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Re: Grape juice for priming
« Reply #6 on: January 09, 2011, 12:42:16 PM »
You could pasteurize the juice to sanitize it, 30 minutes at 180 should do it, maybe cooler.  Add some pectic enzyme in case it gets hot enough to set the pectin.

It should already be pasteurized, I'd just add it to the bottling bucket.

Offline tschmidlin

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Re: Grape juice for priming
« Reply #7 on: January 09, 2011, 02:44:05 PM »
I'm not arguing but is sugar the only thing that can affect gravity?
No, but most wine grape juice will ferment to below 1.000 so it will be good enough I think.

You could pasteurize the juice to sanitize it, 30 minutes at 180 should do it, maybe cooler.  Add some pectic enzyme in case it gets hot enough to set the pectin.
It should already be pasteurized, I'd just add it to the bottling bucket.
It might be, might not.  I don't know where you would find pasteurized "white wine juice- reisling or gurzenwhatever" beyond a wine making kit, but maybe someone else does. :)
Tom Schmidlin

jaybeerman

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Re: Grape juice for priming
« Reply #8 on: January 09, 2011, 03:20:19 PM »
Most importantly - note your methods and let us know your results.  I also hate being the one to conduct an experiment knowing that it might not work out and it may end with a crappy beer but it sure is cool when it does work out.  cheers, j

(follow toms advice)

Offline andyi

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Re: Grape juice for priming
« Reply #9 on: January 10, 2011, 07:52:01 AM »

Thanks for  all the info.

Now I remember where I read about priming with grape juice:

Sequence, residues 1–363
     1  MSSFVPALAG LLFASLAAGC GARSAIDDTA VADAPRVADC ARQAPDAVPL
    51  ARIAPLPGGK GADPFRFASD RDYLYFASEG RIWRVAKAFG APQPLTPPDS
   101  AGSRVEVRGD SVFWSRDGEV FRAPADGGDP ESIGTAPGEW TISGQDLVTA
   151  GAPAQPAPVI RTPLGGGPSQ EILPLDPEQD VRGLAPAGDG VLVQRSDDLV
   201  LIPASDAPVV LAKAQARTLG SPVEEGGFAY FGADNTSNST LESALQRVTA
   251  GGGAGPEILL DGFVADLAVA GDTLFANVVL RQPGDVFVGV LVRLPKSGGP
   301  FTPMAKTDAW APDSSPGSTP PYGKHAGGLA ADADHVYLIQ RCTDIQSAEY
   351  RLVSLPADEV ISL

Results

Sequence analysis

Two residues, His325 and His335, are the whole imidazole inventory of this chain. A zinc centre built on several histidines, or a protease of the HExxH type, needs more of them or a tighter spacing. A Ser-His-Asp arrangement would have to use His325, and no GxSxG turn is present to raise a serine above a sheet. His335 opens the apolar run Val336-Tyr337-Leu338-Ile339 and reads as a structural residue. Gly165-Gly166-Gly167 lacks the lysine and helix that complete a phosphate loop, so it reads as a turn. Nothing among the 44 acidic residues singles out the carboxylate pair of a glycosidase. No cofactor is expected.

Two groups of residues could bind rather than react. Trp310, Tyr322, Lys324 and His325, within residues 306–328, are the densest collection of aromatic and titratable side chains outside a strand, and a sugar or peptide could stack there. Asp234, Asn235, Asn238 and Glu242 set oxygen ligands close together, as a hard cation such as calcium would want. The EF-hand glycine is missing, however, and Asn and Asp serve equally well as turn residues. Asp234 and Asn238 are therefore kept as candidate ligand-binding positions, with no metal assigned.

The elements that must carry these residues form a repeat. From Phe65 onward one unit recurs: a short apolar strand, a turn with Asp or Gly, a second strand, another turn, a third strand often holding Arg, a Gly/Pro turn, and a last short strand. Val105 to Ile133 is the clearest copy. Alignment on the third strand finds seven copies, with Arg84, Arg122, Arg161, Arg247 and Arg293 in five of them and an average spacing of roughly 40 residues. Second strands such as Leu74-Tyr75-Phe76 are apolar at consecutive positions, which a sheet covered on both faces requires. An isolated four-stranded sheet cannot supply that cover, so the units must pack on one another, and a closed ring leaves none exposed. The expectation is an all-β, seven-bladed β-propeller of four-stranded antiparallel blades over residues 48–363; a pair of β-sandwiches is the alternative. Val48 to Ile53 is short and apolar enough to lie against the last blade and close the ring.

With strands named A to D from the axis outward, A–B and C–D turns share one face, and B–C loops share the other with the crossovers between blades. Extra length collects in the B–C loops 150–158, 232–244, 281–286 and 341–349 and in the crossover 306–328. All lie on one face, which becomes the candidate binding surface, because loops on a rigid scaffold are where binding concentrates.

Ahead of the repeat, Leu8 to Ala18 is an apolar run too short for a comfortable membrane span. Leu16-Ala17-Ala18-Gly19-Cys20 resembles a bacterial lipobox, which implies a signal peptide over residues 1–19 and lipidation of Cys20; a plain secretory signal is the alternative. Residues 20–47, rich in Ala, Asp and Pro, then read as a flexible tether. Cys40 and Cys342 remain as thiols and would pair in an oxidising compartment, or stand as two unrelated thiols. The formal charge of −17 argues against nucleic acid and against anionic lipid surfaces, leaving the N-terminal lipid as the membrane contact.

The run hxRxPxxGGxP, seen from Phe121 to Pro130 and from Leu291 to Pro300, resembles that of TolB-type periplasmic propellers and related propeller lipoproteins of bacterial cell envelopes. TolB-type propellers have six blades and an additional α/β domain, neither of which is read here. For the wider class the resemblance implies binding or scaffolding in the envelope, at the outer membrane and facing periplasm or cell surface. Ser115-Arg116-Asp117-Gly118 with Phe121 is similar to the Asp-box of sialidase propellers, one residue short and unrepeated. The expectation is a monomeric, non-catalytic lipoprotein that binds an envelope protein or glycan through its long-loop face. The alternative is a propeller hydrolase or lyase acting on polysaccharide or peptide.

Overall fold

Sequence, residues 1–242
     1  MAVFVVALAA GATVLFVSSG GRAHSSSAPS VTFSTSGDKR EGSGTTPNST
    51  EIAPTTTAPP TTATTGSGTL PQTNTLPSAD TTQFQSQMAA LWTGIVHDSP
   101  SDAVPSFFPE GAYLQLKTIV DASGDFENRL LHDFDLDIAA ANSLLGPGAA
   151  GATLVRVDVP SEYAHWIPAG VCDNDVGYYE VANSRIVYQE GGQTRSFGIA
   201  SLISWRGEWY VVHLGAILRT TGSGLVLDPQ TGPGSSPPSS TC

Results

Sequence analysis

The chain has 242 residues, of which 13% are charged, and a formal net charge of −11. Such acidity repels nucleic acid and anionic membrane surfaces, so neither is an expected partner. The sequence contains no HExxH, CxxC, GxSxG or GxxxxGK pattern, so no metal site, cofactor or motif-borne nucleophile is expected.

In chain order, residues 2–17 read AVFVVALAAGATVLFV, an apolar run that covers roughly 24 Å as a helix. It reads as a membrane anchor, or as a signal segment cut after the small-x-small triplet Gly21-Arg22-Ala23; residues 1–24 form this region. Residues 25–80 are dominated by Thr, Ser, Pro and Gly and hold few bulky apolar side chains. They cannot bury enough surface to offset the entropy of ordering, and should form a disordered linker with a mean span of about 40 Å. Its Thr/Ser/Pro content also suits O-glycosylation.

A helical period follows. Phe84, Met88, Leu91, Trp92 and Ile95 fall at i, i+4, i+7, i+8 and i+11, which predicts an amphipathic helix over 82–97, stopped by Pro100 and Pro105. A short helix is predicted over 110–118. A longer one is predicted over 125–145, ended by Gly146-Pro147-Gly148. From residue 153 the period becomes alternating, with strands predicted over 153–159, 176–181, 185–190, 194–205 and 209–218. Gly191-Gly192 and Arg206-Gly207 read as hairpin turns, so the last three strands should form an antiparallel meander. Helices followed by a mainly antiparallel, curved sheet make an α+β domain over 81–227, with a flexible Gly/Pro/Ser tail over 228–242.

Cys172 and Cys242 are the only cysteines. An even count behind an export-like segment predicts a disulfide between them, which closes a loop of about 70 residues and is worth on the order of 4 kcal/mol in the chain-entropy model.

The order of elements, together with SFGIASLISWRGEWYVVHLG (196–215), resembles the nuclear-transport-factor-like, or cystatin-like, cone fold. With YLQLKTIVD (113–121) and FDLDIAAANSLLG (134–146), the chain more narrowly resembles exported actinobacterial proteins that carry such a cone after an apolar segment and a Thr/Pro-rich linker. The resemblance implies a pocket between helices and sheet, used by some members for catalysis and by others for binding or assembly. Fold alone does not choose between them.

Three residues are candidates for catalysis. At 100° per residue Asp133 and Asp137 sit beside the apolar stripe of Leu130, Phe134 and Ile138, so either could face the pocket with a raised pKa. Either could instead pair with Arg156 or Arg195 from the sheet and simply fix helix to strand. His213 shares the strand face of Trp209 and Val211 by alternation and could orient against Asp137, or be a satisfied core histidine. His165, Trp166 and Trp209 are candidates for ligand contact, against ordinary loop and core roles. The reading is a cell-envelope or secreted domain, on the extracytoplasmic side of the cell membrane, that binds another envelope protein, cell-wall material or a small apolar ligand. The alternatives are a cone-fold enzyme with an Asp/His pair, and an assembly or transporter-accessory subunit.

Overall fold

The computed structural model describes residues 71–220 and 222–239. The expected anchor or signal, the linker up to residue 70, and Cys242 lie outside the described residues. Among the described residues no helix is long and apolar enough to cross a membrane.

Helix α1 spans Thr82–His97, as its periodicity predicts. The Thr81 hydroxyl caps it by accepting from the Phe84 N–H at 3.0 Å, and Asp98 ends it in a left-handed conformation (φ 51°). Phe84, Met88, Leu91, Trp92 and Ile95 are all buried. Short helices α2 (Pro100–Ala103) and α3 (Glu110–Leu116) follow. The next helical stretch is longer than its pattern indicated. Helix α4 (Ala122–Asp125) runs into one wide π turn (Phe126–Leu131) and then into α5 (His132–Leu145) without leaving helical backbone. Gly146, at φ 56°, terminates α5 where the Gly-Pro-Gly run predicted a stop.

Steve Pauwels Wheat Wine Recipe p.144 - "Brewing with Wheat" by Stan Hieronymus.

"Bottle with grape juice to increase complexity...consentrated grape juice has 68 degrees Brix or 68 grams sugar per 100 grams solution."

The degees Brix lines up with Williams Brewing Muscat Concentrate ".. with minimum heat under vacuum to 68 Brix."

So I will start here with a Brix conversion to figure out sugars to  volume but will need more coffee to figure out "68 grams sugar per 100 grams solution". :)

If I do this I will split my 5gal batch - half sugar, half grape consentrate

-Cheers

Offline andyi

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Re: Grape juice for priming
« Reply #10 on: January 15, 2011, 09:17:24 AM »


 I sent an email to Steve Pauwels at Boulevard Brewing to and asked about the priming formulas for the Wheat Wine.  He sent back a very detailed reply.  In sumary, for 3 vols CO2 - 1.67.5 ml (5.66 oz) of Muscat concentrate (68 brix) for a 5 gal batch. 

"Hi Andy,
 
Thanks for your question about priming with Muscat concentrate.

We also use Muscat concentrate to bottle condition our wheat wine and find that the Muscat juice adds some flavor to the beer. It is only dosed in small amounts so you can’t expect a lot from it.

As for calculation:

68 Brix = 68 grams sucrose per 100 gram

Flat beer has about 1 volume CO2 – addition of 2 volume to get to 3 volumes

In metric: 10 g/l sucrose -> 5 g/l CO2

Increase 2 volumes = increase ca. 4 g/l = addition of 8 g/l sucrose.

Density of concentrate is 11.13 lbs/gall or 1.33 kg/l

To add 8 grams/l you need to add 1,000 ml x 8 grams/1,330 grams = 6 ml

6 ml (100% sucrose) = 8.85 ml (68 Brix) per liter

For 5 gall -> 8.85 ml x 3.785 l/gall x 5 = 167.5 ml of Muscat juice
 

I hope this helps. Good luck.
 

Steven"